Dunn v. Schmitz et al

Filing 13

OPINION entered by U.S. Magistrate Judge Tom Schanzle-Haskins. Plaintiff Kenneth Dunn's Motion to Compel Production of Certain Documents 11 is DENIED. See written order. (LB, ilcd)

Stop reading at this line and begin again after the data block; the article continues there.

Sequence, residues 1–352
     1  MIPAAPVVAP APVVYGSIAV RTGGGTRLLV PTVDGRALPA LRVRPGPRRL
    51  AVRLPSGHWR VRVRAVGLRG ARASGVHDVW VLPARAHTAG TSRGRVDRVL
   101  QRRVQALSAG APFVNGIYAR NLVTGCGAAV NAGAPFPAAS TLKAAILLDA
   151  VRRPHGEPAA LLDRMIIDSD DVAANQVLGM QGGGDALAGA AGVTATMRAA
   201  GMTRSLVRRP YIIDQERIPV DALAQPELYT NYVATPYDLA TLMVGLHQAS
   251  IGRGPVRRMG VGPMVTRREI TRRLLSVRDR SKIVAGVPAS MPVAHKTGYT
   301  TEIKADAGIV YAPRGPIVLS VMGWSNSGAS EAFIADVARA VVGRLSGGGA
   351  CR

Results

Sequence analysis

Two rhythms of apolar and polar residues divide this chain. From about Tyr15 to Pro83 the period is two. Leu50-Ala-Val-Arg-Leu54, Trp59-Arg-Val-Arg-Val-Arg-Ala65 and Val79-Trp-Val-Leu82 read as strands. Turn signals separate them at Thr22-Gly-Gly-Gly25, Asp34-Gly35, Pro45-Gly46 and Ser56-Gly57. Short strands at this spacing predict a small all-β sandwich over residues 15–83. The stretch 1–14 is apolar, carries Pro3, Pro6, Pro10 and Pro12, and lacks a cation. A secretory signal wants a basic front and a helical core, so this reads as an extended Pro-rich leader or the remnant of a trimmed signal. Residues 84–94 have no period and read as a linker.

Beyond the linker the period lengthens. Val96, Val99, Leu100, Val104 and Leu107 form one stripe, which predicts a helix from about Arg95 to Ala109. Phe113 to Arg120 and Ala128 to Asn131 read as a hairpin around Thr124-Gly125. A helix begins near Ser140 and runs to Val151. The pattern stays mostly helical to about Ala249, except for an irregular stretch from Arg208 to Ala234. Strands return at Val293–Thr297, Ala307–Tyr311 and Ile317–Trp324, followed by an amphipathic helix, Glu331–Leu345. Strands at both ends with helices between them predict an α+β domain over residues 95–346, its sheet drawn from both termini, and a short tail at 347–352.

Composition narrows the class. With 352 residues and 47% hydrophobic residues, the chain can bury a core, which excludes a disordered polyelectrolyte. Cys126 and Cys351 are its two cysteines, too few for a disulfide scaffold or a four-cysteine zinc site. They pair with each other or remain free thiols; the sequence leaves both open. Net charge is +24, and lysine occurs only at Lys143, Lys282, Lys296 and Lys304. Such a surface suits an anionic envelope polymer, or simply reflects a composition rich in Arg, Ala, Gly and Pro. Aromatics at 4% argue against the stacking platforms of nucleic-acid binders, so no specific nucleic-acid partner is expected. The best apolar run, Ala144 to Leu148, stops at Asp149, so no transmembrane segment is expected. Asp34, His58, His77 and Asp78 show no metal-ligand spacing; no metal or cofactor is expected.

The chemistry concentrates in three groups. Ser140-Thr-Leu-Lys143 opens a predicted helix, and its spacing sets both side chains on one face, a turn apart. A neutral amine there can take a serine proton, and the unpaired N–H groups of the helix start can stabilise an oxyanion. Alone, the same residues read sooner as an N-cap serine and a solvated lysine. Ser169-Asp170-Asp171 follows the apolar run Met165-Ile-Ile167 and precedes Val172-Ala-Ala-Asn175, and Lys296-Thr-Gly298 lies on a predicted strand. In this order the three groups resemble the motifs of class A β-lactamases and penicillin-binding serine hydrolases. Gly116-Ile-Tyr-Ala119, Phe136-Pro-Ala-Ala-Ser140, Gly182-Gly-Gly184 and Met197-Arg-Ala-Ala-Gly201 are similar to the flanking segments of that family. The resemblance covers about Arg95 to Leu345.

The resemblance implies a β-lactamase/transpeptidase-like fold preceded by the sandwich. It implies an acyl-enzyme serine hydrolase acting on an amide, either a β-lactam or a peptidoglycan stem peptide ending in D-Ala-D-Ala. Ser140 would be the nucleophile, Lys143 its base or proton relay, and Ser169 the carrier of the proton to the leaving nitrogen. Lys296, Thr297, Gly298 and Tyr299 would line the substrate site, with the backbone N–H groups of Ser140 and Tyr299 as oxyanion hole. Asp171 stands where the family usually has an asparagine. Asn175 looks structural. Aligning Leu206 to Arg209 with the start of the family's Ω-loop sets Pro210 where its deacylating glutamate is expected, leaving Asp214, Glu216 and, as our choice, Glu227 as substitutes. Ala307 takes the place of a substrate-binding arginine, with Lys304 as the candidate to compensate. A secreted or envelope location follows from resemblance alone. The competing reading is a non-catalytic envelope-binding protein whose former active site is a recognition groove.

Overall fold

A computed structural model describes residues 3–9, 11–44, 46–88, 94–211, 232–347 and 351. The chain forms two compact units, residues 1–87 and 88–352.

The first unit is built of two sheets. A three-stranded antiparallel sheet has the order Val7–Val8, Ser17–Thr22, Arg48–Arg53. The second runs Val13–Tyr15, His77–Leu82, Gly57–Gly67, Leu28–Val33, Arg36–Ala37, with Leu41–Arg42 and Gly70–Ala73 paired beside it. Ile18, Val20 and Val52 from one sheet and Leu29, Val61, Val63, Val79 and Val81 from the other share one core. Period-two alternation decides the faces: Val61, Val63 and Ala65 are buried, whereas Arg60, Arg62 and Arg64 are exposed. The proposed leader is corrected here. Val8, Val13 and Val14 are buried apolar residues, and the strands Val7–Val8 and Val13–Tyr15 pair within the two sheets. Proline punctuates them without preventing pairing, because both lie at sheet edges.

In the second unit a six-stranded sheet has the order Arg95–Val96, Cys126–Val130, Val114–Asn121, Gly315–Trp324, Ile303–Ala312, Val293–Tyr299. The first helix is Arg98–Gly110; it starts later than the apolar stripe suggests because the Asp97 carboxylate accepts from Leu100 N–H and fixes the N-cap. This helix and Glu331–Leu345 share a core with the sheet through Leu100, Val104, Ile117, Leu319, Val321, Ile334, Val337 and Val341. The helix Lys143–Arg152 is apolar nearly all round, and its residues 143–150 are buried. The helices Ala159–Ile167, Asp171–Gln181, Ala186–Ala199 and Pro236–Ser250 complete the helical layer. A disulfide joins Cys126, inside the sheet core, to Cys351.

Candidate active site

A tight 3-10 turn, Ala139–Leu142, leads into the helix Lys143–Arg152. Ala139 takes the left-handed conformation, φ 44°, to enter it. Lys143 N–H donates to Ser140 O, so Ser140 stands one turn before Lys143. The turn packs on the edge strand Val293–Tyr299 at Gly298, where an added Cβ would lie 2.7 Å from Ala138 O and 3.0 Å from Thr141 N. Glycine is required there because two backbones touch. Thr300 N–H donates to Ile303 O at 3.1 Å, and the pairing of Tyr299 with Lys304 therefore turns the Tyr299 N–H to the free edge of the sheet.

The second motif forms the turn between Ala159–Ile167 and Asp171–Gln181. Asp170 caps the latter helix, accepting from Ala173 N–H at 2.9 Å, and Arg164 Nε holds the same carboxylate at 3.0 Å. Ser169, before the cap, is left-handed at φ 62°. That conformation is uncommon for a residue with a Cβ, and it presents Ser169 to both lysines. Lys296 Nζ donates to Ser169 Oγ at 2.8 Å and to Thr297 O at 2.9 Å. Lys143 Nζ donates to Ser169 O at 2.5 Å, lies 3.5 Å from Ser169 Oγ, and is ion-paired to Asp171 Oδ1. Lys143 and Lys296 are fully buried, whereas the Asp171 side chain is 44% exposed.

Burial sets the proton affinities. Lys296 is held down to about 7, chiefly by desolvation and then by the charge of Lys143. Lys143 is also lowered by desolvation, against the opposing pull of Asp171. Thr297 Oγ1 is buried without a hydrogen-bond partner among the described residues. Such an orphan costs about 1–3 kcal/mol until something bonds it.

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E-FILED Thursday, 16 November, 2017 02:08:30 PM Clerk, U.S. District Court, ILCD IN THE UNITED STATES DISTRICT COURT FOR THE CENTRAL DISTRICT OF ILLINOIS, SPRINGFIELD DIVISION KENNETH DUNN, Plaintiff, v. LEO P. SCHMITZ, et al., Defendants. ) ) ) ) ) ) ) ) ) No. 16-cv-3308 OPINION TOM SCHANZLE-HASKINS, U.S. MAGISTRATE JUDGE: This matter comes before the Court on Plaintiff Kenneth Dunn’s Motion to Compel Production of Certain Documents (d/e 11) (Motion). For the reasons set forth below, the Motion is DENIED. BACKGROUND Dunn is a Lieutenant in the Illinois State Police (State Police). Dunn alleges that in September 4, 2014, he was placed on restricted duty because the State Police asserted that he was under criminal investigation. Dunn alleges that he is not under criminal investigation and the State Police have no basis for concluding that an investigation is ongoing. Dunn alleges that the Defendants violated his right to due process by not providing him with a hearing to challenge his continuing placement on restricted duty. Dunn also alleges that Defendant Isaiah Vega violated his rights to due process by falsely stating to the Illinois Page 1 of 4 Gaming Board (Gaming Board) that he was under ongoing criminal investigation. Dunn was assigned to the (Gaming Board) at the time. Dunn alleges Vega’s unconstitutional disclosure of false information resulted in the loss of Dunn’s assignment to the Gaming Board and damage to his reputation and to his ability to work in law enforcement. Dunn seeks injunctive relief against all Defendants and damages against Defendants Leo Schimtz and Vega in their personal capacities. See Complaint (d/e 1). During discovery, Dunn served a request for production of documents on Defendant Vega. Dunn’s request included “all documents that support the proposition that he is under a criminal investigation.” Motion, ¶ 2. Vega objected to producing certain documents because he could not produce the documents pursuant Federal Rule of Criminal Procedure 6(e). Vega withheld certain documents and produced redacted versions of certain other documents. Dunn moves to compel production of these withheld documents. ANALYSIS Criminal Rule 6(e) prohibits disclosure of information presented to a federal grand jury, subject to certain exceptions. One exception allows disclosure to state personnel if the information presented to the grand jury may disclose a violation of state criminal law. Fed. R. Crim. P. 6(e)(3)(E)(iv). The information Page 2 of 4 may be disclosed “so long as the disclosure is to . . . an appropriate state . . . official for the purpose of enforcing the law.” Id. Vega objected to producing to Dunn documents presented to a grand jury because Vega received a copy of those documents pursuant to a federal court order under Rule 6(e)(3)(E)(iv). Vega produced a redacted copy of the court order issued by the U.S. District Court for the Northern District of Illinois, Eastern Division (Order). Motion, attached Redacted Order. The Plaintiffs provided the Court with an unredacted copy of the Order. The Order authorized the federal prosecutors to disclose information to certain State Police personnel for the limited purpose of enforcing state criminal law under Rule 6(e)(3)(E)(iv). Vega received these documents only to enforce state criminal law. He was not authorized to disclose the information to anyone for any other purpose. The Defendants’ objection to production, therefore, is sustained. The Motion is denied. If Dunn wishes to view these documents, he must file a petition under Criminal Rule 6(e)(3)(E)(i) for disclosure in connection with this judicial proceeding. Dunn must file such a petition in the court where the grand jury is convened, in this case the Northern District of Illinois. Fed. R. Crim. P. 6(e)(3)(F). Dunn may not secure the material through a request to produce documents. Page 3 of 4 Dunn argues that a party may disclose in a civil proceeding the information in documents presented to the grand jury under appropriate circumstances. Dunn relies on United States v. Interstate Dress Carriers, Inc., 280 F.2d 52 (2d Cir. 1960). The court in Interstate Dress Carriers allowed disclosure of grand jury materials to the Interstate Commerce Commission (ICC) for the purpose of auditing a trucking company subject to ICC jurisdiction. A federal grand jury had subpoenaed the records of the trucking company and had possession of the records. The ICC secured disclosure of the information by persuading federal prosecutors to petition the court supervising the grand jury to allow the disclosure. Interstate Dress Carriers, 280 F.2d at 53. Rule 6(e)(3)(F) was subsequently added to Rule 6 to allow parties such as Dunn to petition the court supervising the grand jury directly to request disclosure. If Dunn wishes to see these documents he should file a petition under Criminal Rule 6(e)(3)(F) in the Northern District. THEREFORE, IT IS ORDERED THAT Plaintiff Kenneth Dunn’s Motion to Compel Production of Certain Documents (d/e 11) is DENIED. ENTER: November 16, 2017 s/ Tom Schanzle-Haskins TOM SCHANZLE-HASKINS UNITED STATES MAGISTRATE JUDGE Page 4 of 4

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